|This research is done on the series of books written by John Norman, the comments in italics are mine and my point of view.
Woman of Gor
It is at night that the sleen hunts, that six-legged, long-bodied mammalian carnivore, almost
as much a snake as an animal. I had never seen one, but had seen the tracks of one seven
I caught a strange, unpleasant scent, much like a common weasel or ferret, only stronger. In
that instant every sense was alert.
I froze, an almost animal response.
I was silent, seeking the shelter of stillness and immobility. My head turned imperceptibly as I
scanned the rocks and bushes about the road. I thought I heard a slight sniffling, a grunt, a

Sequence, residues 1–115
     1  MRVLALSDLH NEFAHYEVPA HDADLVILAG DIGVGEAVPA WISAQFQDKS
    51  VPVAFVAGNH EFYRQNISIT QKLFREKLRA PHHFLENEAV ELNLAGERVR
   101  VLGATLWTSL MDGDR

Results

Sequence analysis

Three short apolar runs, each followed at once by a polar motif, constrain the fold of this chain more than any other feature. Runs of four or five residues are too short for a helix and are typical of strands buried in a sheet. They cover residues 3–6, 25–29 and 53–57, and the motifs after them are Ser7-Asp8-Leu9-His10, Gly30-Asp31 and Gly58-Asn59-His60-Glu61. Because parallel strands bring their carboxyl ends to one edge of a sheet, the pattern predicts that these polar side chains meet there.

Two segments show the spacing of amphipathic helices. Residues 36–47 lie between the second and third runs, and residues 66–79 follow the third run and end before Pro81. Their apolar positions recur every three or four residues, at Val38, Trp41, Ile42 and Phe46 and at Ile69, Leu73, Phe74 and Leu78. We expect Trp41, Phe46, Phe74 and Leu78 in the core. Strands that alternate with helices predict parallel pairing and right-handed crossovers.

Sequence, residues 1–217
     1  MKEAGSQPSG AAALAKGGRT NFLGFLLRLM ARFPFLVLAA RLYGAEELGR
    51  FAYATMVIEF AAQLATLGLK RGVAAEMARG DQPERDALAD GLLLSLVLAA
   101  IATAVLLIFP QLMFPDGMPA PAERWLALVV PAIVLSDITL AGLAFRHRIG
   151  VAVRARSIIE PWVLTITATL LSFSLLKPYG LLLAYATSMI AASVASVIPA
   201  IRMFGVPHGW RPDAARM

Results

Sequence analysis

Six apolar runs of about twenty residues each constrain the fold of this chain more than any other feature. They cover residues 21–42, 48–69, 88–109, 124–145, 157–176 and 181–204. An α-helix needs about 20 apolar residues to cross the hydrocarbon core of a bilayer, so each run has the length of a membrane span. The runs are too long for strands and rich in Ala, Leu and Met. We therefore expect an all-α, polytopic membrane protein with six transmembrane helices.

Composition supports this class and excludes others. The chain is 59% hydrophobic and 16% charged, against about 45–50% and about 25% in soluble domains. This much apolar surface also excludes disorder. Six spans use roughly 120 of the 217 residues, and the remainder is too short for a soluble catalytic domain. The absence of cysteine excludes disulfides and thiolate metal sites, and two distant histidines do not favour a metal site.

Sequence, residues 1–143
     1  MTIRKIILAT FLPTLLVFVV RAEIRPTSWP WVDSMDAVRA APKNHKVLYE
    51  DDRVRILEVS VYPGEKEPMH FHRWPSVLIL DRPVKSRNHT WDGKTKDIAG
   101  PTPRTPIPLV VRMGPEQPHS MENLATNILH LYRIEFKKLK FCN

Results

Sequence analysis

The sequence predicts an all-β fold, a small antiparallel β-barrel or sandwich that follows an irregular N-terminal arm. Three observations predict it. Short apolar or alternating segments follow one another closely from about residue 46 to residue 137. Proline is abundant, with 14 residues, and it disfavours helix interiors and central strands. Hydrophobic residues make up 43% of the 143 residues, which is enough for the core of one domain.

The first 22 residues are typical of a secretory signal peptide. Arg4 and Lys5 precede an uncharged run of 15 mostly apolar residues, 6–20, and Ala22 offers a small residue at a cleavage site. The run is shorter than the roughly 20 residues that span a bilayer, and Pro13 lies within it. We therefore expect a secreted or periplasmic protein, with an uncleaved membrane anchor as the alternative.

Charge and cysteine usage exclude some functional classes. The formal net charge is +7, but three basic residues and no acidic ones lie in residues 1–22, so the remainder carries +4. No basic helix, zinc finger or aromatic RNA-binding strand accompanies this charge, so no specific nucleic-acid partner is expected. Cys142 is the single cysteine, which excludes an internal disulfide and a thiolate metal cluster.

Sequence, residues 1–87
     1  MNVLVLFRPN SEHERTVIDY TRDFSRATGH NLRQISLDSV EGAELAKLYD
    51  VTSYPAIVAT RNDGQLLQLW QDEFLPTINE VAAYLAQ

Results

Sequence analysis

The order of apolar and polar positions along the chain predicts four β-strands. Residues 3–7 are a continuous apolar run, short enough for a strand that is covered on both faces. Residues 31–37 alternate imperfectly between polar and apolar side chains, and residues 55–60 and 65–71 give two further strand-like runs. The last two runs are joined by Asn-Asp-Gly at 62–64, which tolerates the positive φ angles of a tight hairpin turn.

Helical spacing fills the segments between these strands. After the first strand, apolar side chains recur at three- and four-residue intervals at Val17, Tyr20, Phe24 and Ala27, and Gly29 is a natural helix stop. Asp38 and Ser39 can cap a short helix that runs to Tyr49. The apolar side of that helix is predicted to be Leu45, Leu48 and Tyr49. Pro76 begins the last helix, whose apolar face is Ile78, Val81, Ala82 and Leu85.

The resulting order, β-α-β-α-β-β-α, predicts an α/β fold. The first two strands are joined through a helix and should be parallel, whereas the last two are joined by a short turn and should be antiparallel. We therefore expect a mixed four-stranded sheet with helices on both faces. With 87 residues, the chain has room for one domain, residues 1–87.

small doglike whine. Then nothing.
It too had frozen, probably sensing my presence. Most likely it was a sleen; hopefully a young
one. I guessed it had not been hunting me or I would not have been likely to have smelled it.
Perhaps I stood thus for six or seven minutes. Then I saw it, on its six short legs, undulate
across the road, like a furred lizard, its pointed, whiskered snout swaying from side to side
testing the wind. Outlaw of Gor, page 34
Where there are rarely sleens
Conspicuously absent in the rain forests of the Ua were sleen. This is just as well for the sleen,
commonly, hunts on the first scent it takes upon emerging from its burrow after dark. Moreover
it hunts single-mindedly and tenaciously. It can be extremely dangerous to men, even more so,
I think, than the Voltai, or northern, larl. I think the sleen, which is widespread on Gor, is not
found, or not frequently found, in the jungles because of the enormous rains, and the
incredible dampness and humidity. Perhaps the sleen, a burrowing, furred animal, finds itself
uncomfortable in such a habitat. Explorers of Gor, page 312